The rest of the cast are all capable and fit well into their roles. Rao Ramesh, Posani Krishna Murali and Adarsh Balakrishna are part of Kota Srinivasa Rao’s opposing family but never feel terribly menacing. Adarsh’s character is mainly just very shouty and aggressive, and the various fight scenes, which appear to have been structured around rugby tactics, aren’t up to Peter Hein’s usual high standard. The film looks gorgeous though. The pink palace is amazing – Satya has a stunning peacock painting on her wall, and most of the other rooms are similarly adorned with fantastical artwork and gorgeous furniture. I would live there!

GAV - the pink palace

The emotional quotient does head into overload at times and the ending is particularly excessive, but that doesn’t really seem to matter since the whole point of the story is overblown sentiment. As a straightforward family drama GAV works well enough despite the cliché-ridden storyline and the strong performances help push it over the line. Well worth watching for Prakash Raj and Charan, particularly when you can marvel at the wonders of the pink palace as a bonus.

Sri Anjaneyam

Sri Anjaneyam is one of those films that I find it hard to make up my mind about. There are a lot of things I enjoy; it has great special effects, an interesting storyline and excellent performances by Nitin and Arjun. But I really don’t like Charmy’s character in this at all, and I find the whole romance sub-plot unnecessary and irritating. Re-watching it for this review, I found that it’s perhaps growing on me and on balance there is more to like than not. But I still wish Krishna Vamshi had left the romance out.

The opening credits have some beautiful pictures which show scenes from Lord Hanuman’s part in the Ramayana.

The film starts, as many Telugu films do, with Prakash Raj. He’s a civil engineer who has come to the drought strickenvillage of Ramapuramto build a dam which should solve the area’s water woes. But he meets with opposition from a local with political aspirations who organises protests and a legal challenge to stop the project. Brahmam is annoyed that he hasn’t got control of the project himself, and thinks that the dam will allow the villagers to become wealthy and independent from him. I love the model below which comes complete with water and gates to change the flow – no wonder Prakash Raj looks happy.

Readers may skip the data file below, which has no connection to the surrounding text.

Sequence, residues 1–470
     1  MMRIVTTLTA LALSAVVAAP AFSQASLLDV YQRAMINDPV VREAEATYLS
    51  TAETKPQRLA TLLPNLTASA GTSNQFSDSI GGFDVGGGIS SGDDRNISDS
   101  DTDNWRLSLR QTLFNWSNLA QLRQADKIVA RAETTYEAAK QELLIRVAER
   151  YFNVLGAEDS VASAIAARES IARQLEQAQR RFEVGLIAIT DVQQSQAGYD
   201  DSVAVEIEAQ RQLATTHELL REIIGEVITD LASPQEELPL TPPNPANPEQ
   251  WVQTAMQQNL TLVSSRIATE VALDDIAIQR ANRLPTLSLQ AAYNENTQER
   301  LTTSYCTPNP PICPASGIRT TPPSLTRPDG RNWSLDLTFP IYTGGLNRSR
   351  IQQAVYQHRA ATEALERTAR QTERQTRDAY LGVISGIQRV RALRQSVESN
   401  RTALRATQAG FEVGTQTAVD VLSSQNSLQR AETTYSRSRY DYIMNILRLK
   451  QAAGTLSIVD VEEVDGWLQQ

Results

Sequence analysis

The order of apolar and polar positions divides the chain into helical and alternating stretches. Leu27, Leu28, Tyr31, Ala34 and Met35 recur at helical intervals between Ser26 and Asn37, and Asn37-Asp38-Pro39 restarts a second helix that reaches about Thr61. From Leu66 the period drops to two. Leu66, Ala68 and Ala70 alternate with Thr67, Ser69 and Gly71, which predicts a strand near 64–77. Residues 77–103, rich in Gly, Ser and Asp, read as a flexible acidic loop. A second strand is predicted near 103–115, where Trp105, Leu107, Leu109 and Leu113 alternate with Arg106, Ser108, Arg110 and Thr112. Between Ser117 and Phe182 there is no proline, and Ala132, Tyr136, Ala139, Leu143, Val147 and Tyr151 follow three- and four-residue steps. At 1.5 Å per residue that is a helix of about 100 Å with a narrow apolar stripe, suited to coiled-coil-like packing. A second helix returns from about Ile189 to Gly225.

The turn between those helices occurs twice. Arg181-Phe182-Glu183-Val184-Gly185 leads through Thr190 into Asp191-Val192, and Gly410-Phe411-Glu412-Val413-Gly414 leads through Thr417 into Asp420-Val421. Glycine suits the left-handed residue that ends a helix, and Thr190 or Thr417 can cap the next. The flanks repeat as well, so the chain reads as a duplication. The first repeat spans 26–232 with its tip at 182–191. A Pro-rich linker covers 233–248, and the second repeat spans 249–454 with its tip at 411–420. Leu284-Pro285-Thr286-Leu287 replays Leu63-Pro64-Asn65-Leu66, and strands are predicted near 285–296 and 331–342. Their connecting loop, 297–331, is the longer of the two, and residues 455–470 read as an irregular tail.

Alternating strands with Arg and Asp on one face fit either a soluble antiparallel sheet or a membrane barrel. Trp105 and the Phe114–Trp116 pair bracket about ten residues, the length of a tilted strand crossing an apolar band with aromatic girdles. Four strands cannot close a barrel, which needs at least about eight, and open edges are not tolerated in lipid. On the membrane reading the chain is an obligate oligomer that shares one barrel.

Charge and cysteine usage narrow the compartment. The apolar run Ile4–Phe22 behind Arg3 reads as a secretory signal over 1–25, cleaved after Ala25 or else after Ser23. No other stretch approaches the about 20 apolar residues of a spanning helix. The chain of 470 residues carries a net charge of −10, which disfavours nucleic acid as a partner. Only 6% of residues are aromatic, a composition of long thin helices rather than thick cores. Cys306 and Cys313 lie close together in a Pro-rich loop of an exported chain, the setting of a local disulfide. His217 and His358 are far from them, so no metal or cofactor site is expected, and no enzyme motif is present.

Finally Brahmam sends his brother (who goes by the rather unlikely name of Tarzan), to kill the engineer and his wife. Tarzan isn’t aware that the couple have a son and as a result he is overlooked by the thugs. Alone on a rainy night, the young boy is led to the local temple by a helpful monkey, and takes refuge there. The priest and the villagers take it on themselves to look after him and he grows up devoted to Lord Anjaneya, leading to the villagers calling him Anji.

He’s very devout and grateful to the people of the village, spending his time between helping the priest in the temple, running errands for the villagers and worshiping his ‘boss’ Lord Anjaneya. The story has an almost fairy tale effect in these scenes as the colours are bright and initially Anji’s character is quite simplistic as a spiritual man who is lives to serve to his God.

Anji is a target for the local trouble makers, but he has a stalwart defender in the form of his childhood friend Pardhu. She’s not afraid of a fight and threatens anyone who tries to hurt Anji. When he saves her from a snake bite, she falls in love with him and puts a lot of effort into her campaign to ensure he marries her. Her attempts are probably why Anji looks horrified every time he sees her and runs quickly in the opposite direction. This whole side plot with Pardhu is the part that I don’t like. I think her character is supposed to be feisty and independent but she comes across as an over powering bully and her attempts to attract Anji are quite repulsive. She has a song during which she rolls around very unattractively in mud and while there are a few good moments they are few and far between. I usually like Charmy and I think she is a good actress, so I find it disappointing that her character here is so annoying and has some really terrible lines.

Meanwhile, Brahmam is still scheming and conspires with an evil magician to get rid of his political rival. He discovers a potential source of wealth underneath the local temple and immediately starts planning a way to get rid of the priest and demolish the temple.  However, he has reckoned without Anji, who has supreme confidence that Lord Anjaneya is already on the case and will once again sort out Lord Rama’s problems. His confidence is well placed as Lord Anjaneya does turn up although his aid is more to point Anji in the right direction to fulfil his fathers dream.

There are some really good special effects in this film and a few that don’t work quite so well. But they do make the appearance of Lord Anjaneya quite spectacular, and there is one particularly good sequence when he takes over a statue to fight off the local thugs.